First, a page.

"Six in the morning," he said, "So I would suggest getting a little bit more sleep before they come with the food." Her stomach turned with the thought of food. She still had no appetite, she hadn't had it before treatment, during, or after, and even though she tried to eat something small, that would fill her up a little, she still couldn't gain weight; nothing. "We've put you on an infuse that helps you with gaining a little weight, since you are in need of it. You have dropped again, if you hadn’t noticed, 105lbs.” Brielle nodded painfully.

                “I know,” she croaked, taking a deep breath, but almost coughing her lungs up in the process. “I had gained it back for a while.” Her eyes fluttered and she had to fight hard to keep them open. She managed to as the doctor gave her an examination and then left her alone in her room, with the soft buzzing of the lights and the exploding pain in her lungs.

 

Brielle drifted back to sleep as soon as the door had closed after him and she was alone again. The dream wasn't pleasant, but wasn't too bad either, even though it woke her up a few times too many. By the time that the door opened at ten o'clock and her mother came in, she was more or less awake, still sleepy, but already feeling a little bit better. There was no headache anymore, a little less fever, or she had grown used to it. She felt better, sort of. Her lungs were still awful, speaking and breathing hurt.

                "Hi," her mother said, a worried frown on her eyes. "How are you feeling?"

                "Better," she lied, "still not good, but a little better." Her mother sat at the foot of her bed, and put her hand on her leg. Brielle got teary eyed, when she noticed what her mother was doing.

"Brielle," she started, coughing slightly, "I and Patrick are worried about you, do you know that? I want you to know that you can tell us anything you need to tell, no matter how bad it is. If you don't feel comfortable in your skin and if you think that you have to be skinnier to fit in at the ballet school. If you don't like yourself, you can tell us, you can tell us anything and we will not judge you. We raised you; we love you, no matter what happens and what you do to yourself. We love you, okay? You can tell us anything you want." Her mother went silent, waiting for Brielle to start speaking, but Brielle was too caught up in her thoughts that she had to take a moment to get her thoughts together.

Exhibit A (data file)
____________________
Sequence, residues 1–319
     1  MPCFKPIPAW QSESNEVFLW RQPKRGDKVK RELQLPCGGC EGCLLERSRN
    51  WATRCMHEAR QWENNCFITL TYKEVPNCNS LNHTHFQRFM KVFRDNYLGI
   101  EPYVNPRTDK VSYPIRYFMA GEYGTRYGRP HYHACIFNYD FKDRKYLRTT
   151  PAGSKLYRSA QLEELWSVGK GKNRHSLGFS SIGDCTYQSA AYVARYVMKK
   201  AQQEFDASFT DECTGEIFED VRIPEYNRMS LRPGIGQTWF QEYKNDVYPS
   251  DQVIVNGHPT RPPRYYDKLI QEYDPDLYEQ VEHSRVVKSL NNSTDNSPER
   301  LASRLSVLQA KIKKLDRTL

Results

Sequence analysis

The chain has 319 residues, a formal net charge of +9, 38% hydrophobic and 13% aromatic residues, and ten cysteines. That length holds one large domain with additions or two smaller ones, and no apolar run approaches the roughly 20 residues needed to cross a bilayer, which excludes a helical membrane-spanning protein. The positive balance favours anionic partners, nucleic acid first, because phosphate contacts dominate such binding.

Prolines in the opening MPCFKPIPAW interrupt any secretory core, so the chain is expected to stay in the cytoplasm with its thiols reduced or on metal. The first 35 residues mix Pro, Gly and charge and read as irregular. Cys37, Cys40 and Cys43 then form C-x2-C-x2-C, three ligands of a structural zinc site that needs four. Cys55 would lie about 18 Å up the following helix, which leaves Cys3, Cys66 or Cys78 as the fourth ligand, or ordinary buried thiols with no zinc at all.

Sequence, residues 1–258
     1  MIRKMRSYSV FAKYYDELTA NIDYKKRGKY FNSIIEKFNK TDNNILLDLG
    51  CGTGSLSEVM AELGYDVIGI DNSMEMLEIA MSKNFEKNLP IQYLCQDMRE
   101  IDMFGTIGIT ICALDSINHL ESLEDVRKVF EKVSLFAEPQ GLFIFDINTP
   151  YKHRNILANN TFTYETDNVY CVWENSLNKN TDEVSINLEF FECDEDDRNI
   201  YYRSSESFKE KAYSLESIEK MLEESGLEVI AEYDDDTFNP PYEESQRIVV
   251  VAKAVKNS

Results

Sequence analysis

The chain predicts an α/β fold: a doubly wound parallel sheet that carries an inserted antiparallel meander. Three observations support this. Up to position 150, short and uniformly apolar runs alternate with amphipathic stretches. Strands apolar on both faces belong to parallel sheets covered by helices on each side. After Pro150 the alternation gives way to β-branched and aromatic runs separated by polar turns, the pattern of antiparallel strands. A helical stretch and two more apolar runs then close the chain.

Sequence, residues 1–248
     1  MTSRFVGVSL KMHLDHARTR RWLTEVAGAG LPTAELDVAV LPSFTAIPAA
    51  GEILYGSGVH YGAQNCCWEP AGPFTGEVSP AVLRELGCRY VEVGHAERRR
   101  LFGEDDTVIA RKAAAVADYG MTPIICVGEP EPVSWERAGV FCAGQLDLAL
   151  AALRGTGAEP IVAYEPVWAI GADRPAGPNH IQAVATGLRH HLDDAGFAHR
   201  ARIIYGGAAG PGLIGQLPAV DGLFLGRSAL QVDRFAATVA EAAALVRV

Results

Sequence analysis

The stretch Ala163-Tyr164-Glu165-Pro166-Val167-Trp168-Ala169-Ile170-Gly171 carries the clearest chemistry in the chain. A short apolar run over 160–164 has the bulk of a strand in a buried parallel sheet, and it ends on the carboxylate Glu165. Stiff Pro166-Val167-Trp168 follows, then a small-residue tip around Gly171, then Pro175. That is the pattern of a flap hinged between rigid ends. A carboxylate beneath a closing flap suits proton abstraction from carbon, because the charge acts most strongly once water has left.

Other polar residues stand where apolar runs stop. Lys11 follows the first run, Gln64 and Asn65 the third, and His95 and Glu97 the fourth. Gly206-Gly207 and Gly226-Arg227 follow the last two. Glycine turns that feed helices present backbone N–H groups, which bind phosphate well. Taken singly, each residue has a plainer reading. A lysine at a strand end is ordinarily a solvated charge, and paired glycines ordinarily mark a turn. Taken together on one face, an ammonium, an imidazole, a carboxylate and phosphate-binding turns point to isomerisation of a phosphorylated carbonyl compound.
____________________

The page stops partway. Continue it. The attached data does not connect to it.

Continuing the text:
"Mom," she eventually said, "the doctor was here earlier today." She took a deep gasp of air, "and he told me what you think that I have. I know that you think. I do not have anorexia." She heard her mother breathe a sigh of relief. "But I do not have anything that is any better than it, what I have is quite serious."

"Why didn't you tell us before? We could have helped you."

"Mom," Brielle said. "I wanted to, but I couldn't. I couldn't tell you what I have without worrying you too much. I had to come to terms with it myself first, before I could share it with anybody. Even though I've already had a part of my treatment. If it makes you feel any better, you are the first to really know, I didn't tell anyone at ballet. Only the one in my group who have the same know." Her mother looked even more worried than she did before. "Mom, what I'm trying to say is, well, mom. I have cancer." She started coughing like a maniac, her lungs gaspy.

The silence that hung in the room weighed on Brielle and her mother. Catherine didn't know what to say, and knew that her daughter didn't know either. Cancer. Of all things that she could have, she had cancer.

"I have an infection right now," Brielle said, toying with the IV line, "that's why you saw me like that, because the infection is roaring free in my body. Chemo got my blood counts quite down." She smiled, as if that was the way of saying sorry for her. "I'm really sorry that I couldn't tell you earlier, but I was in the hospital for quite a while, and, I don't know. It was difficult." She nodded, allowing her daughter that freedom.

"Okay," she said, still quite unsure how to behave around her daughter now that she had become so much more fragile. "Do you want to tell everybody yourself? I could help with that you know. I'm still your mother."

"I'll do it myself mom," she said, smiling slightly. "I want to be the one explaining people why I cannot do a lot of things anymore, why I am like this. Especially Emma and Alex."

"They won't take it good girl," she said. "Emma adores you. And you know what happened when grandpa died." Brielle only nodded.

"I know mom. I know. I wish I didn't, but I know."